In a holy city revered by three faiths, there are many traditions that date back thousands of years. But one of the more modern rites, adopted by visitors and locals alike, is feeding Jerusalem’s army of stray cats.
The title is unofficial, but Tova Shaul is the chief cat caretaker in Jerusalem’s Old City.
Carrying a pot filled with cat food, she heads out to a quiet park in the Jewish Quarter twice a day. The local feline population hears her apartment door shut and meows start to fill the air.
Jerusalem, and other cities right across Israel, face a growing problem: there’s simply not enough room to swing a cat. And the country is now only beginning to deal with the problem of overcrowding.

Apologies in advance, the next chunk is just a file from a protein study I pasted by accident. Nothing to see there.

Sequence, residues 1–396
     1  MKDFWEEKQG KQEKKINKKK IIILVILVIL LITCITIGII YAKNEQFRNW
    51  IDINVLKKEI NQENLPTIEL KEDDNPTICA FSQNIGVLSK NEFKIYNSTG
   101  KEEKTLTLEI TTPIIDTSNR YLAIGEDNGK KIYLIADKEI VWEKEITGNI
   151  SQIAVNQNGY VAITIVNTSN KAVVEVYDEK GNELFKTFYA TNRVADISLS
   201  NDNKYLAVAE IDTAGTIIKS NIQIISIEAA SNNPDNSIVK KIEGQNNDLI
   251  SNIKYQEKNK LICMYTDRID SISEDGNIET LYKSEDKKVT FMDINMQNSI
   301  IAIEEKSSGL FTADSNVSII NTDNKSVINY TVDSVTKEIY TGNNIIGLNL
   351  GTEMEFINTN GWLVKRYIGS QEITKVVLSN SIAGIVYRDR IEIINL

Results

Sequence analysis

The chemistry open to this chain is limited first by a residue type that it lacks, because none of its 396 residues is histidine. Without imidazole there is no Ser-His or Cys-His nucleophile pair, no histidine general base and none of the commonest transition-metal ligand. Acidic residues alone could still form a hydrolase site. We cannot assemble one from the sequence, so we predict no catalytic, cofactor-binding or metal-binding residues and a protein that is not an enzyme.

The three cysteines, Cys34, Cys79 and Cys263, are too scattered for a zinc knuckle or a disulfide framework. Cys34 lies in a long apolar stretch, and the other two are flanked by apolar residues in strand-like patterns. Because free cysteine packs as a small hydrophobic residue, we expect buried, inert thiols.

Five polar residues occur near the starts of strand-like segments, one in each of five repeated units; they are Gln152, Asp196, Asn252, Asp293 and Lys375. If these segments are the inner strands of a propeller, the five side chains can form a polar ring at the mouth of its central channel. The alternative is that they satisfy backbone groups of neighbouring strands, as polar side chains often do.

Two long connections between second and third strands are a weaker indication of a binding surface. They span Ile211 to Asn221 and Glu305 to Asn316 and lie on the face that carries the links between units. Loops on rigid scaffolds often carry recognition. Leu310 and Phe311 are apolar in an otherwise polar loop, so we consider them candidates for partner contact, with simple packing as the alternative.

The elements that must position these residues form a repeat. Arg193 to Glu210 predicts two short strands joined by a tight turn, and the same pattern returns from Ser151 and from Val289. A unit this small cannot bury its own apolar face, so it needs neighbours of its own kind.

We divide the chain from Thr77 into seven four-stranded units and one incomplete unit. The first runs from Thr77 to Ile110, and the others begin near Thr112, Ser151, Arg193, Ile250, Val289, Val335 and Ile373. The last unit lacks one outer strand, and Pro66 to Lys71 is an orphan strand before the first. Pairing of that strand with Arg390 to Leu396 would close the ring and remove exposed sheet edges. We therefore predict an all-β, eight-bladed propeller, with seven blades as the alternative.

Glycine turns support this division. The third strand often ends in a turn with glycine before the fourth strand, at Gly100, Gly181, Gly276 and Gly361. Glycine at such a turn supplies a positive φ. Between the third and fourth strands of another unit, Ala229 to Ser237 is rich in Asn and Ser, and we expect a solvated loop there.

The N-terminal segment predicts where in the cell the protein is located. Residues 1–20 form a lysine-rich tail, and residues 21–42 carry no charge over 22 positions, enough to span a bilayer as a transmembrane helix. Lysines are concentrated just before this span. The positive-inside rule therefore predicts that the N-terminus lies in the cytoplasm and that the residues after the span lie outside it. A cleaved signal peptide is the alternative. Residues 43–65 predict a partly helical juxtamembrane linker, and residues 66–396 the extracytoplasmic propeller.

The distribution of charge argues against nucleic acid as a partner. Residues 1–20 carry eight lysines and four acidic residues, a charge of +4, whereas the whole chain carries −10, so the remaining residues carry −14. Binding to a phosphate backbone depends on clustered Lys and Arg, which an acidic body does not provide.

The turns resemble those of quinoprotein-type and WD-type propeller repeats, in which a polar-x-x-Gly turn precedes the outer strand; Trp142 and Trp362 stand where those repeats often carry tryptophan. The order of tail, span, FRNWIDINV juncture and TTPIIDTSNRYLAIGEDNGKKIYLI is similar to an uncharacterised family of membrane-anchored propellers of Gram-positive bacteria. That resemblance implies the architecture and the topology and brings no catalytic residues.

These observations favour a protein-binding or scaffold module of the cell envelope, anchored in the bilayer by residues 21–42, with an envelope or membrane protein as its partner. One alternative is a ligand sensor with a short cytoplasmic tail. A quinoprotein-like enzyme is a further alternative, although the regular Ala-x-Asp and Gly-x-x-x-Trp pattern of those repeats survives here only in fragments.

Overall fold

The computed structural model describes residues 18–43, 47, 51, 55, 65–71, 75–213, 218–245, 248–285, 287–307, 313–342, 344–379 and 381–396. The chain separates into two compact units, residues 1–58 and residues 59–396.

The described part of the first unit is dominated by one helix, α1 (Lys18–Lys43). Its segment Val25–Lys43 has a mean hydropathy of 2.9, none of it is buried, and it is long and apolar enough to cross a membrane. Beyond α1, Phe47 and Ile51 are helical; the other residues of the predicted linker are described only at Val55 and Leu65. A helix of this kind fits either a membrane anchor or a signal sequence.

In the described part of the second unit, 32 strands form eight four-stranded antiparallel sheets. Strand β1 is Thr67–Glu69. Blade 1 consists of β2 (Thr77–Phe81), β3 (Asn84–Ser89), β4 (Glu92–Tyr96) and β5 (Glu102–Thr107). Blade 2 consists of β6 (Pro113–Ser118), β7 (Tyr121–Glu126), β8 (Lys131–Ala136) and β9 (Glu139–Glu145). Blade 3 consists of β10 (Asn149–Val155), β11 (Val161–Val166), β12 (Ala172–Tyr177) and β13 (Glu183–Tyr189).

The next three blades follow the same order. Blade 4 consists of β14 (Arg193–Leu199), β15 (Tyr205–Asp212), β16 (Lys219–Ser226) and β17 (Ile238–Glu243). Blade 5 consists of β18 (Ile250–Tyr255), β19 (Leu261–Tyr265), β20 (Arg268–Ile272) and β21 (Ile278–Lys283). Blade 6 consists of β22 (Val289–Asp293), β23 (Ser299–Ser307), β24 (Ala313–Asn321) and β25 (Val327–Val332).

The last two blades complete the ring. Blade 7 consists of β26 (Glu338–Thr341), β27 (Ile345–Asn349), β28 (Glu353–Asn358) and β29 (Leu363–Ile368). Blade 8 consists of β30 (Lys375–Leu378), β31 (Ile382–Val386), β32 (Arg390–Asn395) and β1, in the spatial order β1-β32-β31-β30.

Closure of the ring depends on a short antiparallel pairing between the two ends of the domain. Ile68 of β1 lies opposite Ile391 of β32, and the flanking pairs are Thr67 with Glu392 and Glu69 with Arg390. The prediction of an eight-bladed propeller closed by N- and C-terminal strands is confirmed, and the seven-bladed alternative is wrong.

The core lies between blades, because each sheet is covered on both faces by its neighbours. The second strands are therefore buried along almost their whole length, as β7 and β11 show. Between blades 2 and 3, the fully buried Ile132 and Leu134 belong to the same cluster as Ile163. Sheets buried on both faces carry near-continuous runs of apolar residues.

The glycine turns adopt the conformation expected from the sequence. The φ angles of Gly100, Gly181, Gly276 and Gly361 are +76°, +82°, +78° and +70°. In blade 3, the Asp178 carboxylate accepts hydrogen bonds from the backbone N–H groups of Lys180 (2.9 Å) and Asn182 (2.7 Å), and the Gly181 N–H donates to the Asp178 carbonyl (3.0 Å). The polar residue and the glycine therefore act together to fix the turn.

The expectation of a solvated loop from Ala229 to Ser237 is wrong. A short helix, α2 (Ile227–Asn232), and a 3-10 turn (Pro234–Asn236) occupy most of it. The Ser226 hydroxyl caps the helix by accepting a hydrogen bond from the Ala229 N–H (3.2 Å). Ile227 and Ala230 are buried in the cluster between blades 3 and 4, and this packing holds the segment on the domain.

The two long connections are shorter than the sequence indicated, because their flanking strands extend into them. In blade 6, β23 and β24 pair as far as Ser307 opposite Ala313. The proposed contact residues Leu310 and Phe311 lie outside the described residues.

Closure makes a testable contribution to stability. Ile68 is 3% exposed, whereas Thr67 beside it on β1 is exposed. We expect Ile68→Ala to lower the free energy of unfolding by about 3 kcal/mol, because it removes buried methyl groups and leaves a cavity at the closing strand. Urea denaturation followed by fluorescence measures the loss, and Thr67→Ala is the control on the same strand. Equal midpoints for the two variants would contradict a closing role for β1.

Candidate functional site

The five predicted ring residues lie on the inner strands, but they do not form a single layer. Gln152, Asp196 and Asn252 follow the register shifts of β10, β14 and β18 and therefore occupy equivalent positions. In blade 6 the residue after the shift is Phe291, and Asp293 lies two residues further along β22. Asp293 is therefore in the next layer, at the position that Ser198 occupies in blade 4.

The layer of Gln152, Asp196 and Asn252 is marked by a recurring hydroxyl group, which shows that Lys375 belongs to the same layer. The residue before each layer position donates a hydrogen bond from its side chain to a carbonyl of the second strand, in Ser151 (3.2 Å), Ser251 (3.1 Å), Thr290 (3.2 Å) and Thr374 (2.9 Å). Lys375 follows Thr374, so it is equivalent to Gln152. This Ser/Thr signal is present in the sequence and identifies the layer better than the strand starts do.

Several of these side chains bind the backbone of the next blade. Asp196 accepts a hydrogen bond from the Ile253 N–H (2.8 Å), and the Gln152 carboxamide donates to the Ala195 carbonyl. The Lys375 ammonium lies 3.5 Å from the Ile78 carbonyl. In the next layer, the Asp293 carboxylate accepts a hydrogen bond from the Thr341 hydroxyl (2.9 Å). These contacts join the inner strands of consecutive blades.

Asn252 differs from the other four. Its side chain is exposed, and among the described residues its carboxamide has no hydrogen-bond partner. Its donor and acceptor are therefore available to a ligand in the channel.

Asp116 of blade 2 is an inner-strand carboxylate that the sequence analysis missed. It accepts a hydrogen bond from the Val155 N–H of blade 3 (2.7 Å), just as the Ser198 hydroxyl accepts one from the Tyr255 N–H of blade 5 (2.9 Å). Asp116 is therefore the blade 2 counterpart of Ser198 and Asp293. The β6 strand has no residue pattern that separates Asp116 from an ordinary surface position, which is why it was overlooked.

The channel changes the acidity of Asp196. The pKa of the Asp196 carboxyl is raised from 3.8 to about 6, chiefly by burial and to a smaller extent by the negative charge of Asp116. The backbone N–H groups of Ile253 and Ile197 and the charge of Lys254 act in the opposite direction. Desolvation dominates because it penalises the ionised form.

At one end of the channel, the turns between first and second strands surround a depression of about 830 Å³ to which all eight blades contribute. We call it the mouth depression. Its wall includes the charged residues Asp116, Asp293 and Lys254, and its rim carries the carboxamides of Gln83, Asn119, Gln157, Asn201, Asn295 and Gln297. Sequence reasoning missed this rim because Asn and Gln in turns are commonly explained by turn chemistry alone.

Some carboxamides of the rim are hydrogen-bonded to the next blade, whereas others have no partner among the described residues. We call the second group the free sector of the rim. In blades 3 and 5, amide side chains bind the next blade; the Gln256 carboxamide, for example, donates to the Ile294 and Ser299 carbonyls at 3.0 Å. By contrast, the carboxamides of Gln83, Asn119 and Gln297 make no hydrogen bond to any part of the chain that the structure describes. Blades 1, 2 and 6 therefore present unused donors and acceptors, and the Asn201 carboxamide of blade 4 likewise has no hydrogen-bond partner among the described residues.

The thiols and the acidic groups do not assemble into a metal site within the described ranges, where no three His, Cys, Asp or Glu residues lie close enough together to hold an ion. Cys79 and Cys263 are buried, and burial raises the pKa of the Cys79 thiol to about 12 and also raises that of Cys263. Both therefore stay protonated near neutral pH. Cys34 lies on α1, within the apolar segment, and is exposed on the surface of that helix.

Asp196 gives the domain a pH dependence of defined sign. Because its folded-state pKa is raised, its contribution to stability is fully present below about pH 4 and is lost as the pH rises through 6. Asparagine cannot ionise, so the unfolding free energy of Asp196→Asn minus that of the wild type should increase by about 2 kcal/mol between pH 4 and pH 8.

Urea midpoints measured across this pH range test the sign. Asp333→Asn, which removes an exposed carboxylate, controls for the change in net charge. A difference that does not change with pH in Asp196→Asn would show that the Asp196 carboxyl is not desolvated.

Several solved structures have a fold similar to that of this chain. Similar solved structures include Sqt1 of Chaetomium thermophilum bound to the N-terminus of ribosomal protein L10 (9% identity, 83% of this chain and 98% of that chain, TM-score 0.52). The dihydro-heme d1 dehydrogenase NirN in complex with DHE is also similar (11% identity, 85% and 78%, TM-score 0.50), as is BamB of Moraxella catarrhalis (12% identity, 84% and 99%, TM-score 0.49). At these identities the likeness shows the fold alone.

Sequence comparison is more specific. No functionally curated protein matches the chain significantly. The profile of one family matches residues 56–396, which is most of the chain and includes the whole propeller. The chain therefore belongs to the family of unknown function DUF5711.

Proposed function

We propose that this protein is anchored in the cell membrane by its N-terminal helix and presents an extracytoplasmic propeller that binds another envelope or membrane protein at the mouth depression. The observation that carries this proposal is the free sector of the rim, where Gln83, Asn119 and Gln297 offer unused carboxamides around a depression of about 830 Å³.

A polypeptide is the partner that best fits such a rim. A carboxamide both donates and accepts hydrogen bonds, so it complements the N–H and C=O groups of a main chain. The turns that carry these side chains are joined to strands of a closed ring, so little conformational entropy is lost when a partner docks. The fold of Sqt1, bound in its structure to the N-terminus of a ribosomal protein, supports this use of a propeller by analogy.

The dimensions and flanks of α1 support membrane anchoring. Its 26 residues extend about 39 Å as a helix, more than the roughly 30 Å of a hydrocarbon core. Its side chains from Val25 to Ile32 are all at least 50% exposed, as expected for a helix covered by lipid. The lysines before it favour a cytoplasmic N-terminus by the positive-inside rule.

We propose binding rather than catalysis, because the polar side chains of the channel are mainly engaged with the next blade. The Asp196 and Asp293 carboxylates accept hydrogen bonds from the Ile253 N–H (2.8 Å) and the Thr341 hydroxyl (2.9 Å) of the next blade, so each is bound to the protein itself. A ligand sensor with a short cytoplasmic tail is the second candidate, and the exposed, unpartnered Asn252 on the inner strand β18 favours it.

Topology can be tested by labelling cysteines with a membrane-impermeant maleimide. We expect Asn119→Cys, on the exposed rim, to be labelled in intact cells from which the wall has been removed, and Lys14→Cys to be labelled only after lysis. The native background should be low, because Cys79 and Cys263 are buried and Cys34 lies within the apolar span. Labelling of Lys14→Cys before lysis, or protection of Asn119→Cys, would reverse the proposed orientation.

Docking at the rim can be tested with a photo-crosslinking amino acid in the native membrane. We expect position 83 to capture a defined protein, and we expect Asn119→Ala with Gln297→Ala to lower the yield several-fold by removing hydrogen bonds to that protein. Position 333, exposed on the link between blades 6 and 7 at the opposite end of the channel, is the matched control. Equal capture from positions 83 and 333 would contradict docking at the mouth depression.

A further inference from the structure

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Shaul fed more than a dozen cats — a few calicos and a tabby among them — on a recent afternoon.
Tova Shaul, the unofficial cat caretaker of Jerusalem’s Old City, feeds stray cats in the Jewish Quarter twice daily. (Derek Stoffel/CBC)
Cats are “the lowest on the totem pole here. They’re the least cared about,” she said. “They’re very vulnerable and yet they’re scrambling every day on the street to survive.”
Shaul says she often finds and nurses newborn kittens that don’t make it, or older cats that are sick and often die.
Still, given the difficulties feral cats face here, the warm climate means a female cat may have up to three litters a year. Food is plentiful in the open dumpsters that line Jerusalem’s streets.
A cat sits atop a wall in Jerusalem’s Old City. Animal advocates estimate that there are two million feral cats in Israel.